Wordsmiths who write subtle songs about unheroic lives of quiet desperation don’t usually become rock and roll heroes. Yet there was Jason Isbell, getting a conquering warrior’s welcome from a sold-out Orpheum Theatre audience in downtown L.A. Sunday night. The downtrodden men in Isbell’s character studies stand in constant danger of losing faith, yet it’s a faith-restoring thing to see just how loudly a full house can react to a set of heartland rock that trades far more in unvarnished realism than romanticism.
For music that’s so steeped in country music and Southern rock, Isbell’s music is sober in all sorts of ways — not just in its seriousness in intent, but literally. He doesn’t have a lot of strictly autobiographical songs, but one of them that is, “Cover Me Up,” has a line that goes, “I sobered up and I swore off that stuff.” This self-referential line about forswearing drunkenness got by far the biggest cheer of the night of any lyric he sang at the Orpheum… proof, maybe, that this was not really a country music crowd after all.
As for whether Isbell is or should be counted as a country artist, thousands of Facebook posts and probably at least a half-dozen dissertations have been devoted to whether the Alabama native has a better claim to the genre than, say, Florida Georgia Line. His formal inclusion in the canon may finally have been settled once and for all earlier this month when Isbell picked up a wholly unexpected CMA Awards nomination for album of the year for his recent release, “The Nashville Sound” (a title laden with both irony and earnestness). There will be a lot more chatter over Isbell’s CMA honor at his six upcoming sold-out shows at Nashville’s Ryman than there was in L.A., where Isbell is regarded more as in the tradition of the quiet side of Bruce Springsteen —more of a proponent of the “Nebraska” sound, if you will.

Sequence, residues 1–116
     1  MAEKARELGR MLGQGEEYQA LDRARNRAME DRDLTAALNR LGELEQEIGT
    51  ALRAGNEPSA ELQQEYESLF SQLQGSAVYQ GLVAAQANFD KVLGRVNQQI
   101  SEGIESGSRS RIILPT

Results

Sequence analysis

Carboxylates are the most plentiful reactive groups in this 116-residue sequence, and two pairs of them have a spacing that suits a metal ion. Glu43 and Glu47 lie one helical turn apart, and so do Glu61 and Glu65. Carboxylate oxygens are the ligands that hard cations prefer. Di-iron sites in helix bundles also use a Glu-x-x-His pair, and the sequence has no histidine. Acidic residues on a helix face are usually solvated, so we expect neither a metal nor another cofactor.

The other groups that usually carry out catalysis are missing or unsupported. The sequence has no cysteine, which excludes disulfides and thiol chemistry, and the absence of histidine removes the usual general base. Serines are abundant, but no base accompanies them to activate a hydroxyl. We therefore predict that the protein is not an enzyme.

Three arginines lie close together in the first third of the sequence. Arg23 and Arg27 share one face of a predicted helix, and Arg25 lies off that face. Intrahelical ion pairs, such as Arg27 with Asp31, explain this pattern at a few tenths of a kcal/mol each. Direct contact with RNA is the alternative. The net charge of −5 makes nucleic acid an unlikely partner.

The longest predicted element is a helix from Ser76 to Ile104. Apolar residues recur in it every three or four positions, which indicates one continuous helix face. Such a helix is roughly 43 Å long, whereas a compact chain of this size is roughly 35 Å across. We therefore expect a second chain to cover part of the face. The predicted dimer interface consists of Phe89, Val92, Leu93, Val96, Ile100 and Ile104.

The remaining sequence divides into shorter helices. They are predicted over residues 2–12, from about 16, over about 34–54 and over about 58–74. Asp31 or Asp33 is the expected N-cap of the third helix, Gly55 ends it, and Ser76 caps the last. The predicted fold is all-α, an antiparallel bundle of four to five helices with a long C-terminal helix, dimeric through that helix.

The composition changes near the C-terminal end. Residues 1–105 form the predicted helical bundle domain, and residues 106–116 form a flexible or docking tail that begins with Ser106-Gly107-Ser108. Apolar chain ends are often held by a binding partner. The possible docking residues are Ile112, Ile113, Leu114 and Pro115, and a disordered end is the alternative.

One of the few things Isbell does have in common with a lot of contemporary country acts is a strong rootedness in Southern rock, though they come at it from different angles. Other artists borrow the party-hearty good spirits of the genre; Isbell borrows the slide guitar. In concert, lots and lots of slide guitar. Isbell never left the tube attached to his mic stand alone for long, nor did his fellow lead guitarist in the 400 Unit, Sadler Vaden, as they alternated short solos throughout the set. It’s easy to see why Isbell favors so much slide guitar: it tends to sound a little sadder, and its inherent fluidity may be a little closer to the melisma of the melancholy human voice. Toward the end of the set, though, both guitarists set aside the tubes and indulged in some actual shredding, individually and together. It’s hard to imagine that anything could give the Southern-rock guitar duel a good name again, but Isbell’s and Vaden’s call and response at the climax of “Never Gonna Change” — the only vaguely jammy portion of the night — was a thing of wonder.